Sex and Politics, Part I: A Trail of Tawdry Tales

The Anthony Weiner story showed how social media offer politicians new outlets for their sexual exploits. But political sex scandals are far from new. The escapades of the earliest American politicians were known to the public.

Even Arnold Schwarzenegger’s scandal is old news. Early in Thomas Jefferson’s administration, one newsman who opposed the president wrote:

It is well known that the man, whom it delighteth people to honor, keeps … as his concubine, one of his slaves …. By this wench Sally, our president has several children. There is not one individual in the neighborhood of Charlottesville who does not believe the story, and not a few who know it.

Jefferson never responded to the accusation, which was reported with more caution by other news outlets. But most people believed the story, especially those who saw the president’s likeness in the children. (At least one of Sally Hemings’ children was later linked to Jefferson through DNA). As in such cases today, the incident spawned ribald humor. In the absence of late-night talk show monologues, the insults were couched in catchy songs like this one to the tune of Yankee Doodle:

Yankee Doodle, where’s the noodle?
What wife were half so handy?
To breed a stock of slaves for stock,
A blackamoor’s the dandy.

Warren G. Harding faced less reliable paternity charges: A woman named Nan Britton claimed to have had a child with the president after having sex with him in the Senate office building before he was elected. She stuck to her story until the day she died but never provided any evidence. However, Harding’s longtime mistress, Carrie Fulton Phillips, did have evidence in the form of love letters and blackmailed Harding with them.

Grover Cleveland also had a son out of wedlock and, like Jefferson, became the target of sarcastic humor. His adversaries in the 1884 elections brought up the issue through cries of “Ma, Ma, where’s my Pa?” After Cleveland’s victory, his supporters retaliated with, “He’s gone to the White House, ha, ha, ha.”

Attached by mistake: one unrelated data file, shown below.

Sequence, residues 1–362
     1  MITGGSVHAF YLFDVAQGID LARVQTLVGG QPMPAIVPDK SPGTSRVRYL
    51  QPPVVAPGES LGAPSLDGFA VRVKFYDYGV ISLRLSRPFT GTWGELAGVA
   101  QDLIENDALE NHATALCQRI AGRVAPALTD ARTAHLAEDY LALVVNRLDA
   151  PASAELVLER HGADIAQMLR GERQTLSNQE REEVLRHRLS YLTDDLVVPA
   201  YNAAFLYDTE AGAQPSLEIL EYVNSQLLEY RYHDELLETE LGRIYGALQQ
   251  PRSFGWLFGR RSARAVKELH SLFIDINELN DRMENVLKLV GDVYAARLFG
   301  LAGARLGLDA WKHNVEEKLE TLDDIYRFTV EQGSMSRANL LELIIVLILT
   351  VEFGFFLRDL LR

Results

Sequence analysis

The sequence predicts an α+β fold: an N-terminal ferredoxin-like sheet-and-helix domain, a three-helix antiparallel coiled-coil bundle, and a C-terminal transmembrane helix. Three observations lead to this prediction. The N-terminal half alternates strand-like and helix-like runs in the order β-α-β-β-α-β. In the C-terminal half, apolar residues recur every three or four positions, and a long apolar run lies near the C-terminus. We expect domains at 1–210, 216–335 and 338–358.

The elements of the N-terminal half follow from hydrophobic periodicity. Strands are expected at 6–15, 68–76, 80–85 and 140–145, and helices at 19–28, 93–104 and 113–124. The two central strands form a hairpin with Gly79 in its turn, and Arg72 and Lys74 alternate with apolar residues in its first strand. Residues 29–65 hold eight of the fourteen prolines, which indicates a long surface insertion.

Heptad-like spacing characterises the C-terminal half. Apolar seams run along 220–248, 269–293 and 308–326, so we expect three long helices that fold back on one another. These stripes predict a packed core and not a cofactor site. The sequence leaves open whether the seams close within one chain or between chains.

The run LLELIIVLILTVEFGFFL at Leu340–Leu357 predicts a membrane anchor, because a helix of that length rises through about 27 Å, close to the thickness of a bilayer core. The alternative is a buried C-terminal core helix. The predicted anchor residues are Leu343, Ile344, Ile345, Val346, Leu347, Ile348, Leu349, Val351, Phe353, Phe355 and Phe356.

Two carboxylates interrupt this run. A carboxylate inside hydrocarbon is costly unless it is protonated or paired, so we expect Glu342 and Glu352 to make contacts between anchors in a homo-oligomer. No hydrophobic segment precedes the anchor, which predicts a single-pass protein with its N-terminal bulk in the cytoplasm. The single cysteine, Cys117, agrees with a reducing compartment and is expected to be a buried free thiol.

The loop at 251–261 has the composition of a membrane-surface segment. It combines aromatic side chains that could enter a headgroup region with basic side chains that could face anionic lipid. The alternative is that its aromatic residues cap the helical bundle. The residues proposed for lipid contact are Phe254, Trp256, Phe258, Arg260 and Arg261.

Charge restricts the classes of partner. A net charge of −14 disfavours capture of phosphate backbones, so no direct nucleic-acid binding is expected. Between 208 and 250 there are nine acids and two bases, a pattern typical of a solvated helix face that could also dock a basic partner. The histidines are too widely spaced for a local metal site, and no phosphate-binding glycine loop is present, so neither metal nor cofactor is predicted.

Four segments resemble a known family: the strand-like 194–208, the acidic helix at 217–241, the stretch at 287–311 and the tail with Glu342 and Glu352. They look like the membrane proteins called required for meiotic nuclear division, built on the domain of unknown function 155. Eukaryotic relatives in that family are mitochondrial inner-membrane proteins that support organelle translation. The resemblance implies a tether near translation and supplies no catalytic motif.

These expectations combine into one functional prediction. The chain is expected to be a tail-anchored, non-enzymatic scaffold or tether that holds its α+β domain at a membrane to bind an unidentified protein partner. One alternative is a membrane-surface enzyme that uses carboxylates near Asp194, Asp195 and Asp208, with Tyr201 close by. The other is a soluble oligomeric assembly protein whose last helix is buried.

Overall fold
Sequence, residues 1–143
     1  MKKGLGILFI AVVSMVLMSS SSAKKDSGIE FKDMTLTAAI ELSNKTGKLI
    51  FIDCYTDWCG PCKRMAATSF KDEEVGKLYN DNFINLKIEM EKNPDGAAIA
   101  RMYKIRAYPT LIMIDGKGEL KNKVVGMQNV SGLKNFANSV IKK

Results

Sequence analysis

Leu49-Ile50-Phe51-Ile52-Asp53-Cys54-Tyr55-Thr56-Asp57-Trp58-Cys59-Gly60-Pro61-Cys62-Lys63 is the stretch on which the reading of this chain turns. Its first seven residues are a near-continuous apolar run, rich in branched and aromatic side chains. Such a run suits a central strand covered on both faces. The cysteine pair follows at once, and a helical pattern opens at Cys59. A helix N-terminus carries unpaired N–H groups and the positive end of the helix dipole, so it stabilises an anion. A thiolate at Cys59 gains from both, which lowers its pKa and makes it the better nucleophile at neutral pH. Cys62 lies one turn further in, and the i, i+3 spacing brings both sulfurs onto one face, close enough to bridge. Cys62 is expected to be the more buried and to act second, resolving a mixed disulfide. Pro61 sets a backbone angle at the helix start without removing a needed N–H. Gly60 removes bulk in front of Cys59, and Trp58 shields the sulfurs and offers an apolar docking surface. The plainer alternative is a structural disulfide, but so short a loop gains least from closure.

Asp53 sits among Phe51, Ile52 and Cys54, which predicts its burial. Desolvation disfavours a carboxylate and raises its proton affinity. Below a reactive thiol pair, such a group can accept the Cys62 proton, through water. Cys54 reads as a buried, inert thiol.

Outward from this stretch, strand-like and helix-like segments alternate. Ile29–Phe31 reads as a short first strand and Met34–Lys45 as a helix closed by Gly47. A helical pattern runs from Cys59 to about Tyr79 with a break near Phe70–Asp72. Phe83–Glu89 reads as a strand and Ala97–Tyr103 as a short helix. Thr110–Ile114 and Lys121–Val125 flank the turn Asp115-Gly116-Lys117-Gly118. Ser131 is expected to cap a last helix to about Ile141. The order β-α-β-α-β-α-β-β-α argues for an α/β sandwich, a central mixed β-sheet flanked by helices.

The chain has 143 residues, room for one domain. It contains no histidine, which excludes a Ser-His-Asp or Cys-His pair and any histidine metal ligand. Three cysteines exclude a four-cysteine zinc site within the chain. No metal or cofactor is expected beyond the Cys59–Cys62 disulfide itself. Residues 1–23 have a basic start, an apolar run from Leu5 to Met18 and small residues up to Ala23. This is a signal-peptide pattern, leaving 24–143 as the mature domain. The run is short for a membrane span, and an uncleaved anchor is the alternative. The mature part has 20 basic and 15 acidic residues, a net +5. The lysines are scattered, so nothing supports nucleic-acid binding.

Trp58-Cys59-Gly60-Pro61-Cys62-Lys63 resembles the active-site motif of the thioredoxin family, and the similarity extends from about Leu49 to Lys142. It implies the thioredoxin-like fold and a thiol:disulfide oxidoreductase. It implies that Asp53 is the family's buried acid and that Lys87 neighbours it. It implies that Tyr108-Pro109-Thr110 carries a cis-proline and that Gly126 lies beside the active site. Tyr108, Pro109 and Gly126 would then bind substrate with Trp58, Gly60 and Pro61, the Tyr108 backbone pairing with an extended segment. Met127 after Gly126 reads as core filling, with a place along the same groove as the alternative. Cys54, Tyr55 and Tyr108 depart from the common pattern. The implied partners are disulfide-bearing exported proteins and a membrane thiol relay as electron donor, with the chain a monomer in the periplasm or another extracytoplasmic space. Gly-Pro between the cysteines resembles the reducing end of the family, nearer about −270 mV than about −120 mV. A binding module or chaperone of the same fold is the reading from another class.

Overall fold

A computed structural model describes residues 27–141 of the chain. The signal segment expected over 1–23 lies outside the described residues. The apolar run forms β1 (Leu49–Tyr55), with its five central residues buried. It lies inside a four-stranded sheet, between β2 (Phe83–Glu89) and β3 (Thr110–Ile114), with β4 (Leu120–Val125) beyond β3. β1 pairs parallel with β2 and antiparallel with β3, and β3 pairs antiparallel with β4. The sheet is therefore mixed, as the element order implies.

But the affair between Franklin D. Roosevelt and Lucy Mercer Rutherford, his wife’s social secretary, was not public knowledge even though hints appeared in gossip columns from time to time. His son Elliott reports in An Untold Story: The Roosevelts of Hyde Park that Eleanor suspected the affair but didn’t have proof until she found love letters from Lucy. She immediately suggested divorce, but FDR’s mother threatened to cut off his inheritance if he caused a disgrace. He temporarily terminated the affair. Although the press knew of FDR’s secret meetings with Lucy, not a word was printed. Nor was it known until years later that Lucy was one of the few people with Roosevelt at Warm Springs when he died.

The public also didn’t know about Dwight D. Eisenhower’s affair with his Jeep driver, Kay Summersby, even though it was an “ill-kept secret” among journalists, according to media historians John Tebbel and Sarah Miles.

However, the affairs of John F. Kennedy are the ones most associated with a gentleman’s agreement with the press. Many reporters – as well as Kennedy’s close friend Ben Bradlee, then editor of Newsweek – were aware of the president’s amorous antics. But Kennedy biographer Arthur M. Schlesinger believes Kennedy’s charisma has sparked too many stories of sexual adventures:

Every claim by anyone to have slept with John Kennedy is taken as gospel, though if half the claims were true he would have had time for little else.

After Kennedy, politicians’ relations with the media took a dramatic turn.

Next time: Changing attitudes

References:

Bain, George G. The President’s Office and Home. Schlicht & Field, 1891.

Brough, James, and Elliot Roosevelt. An Untold Story: The Roosevelts of Hyde Park. New York: Putnam, 1973.

Smith, Page. Jefferson: A Revealing Biography. New York: American Heritage, 1976.

Tebbel, John, and Sarah Miles Watts. The Press and the Presidency: From George Washington to Ronald Reagan. New York: Oxford UP, 1985.

Schlesinger, Arthur. A Thousand Days: John F. Kennedy in the White House. Boston: Houghton Mifflin, 1965.

Thompson, Kenneth W. Ten Presidents and the Press. Washington, D.C.: University Press of American, 1983.

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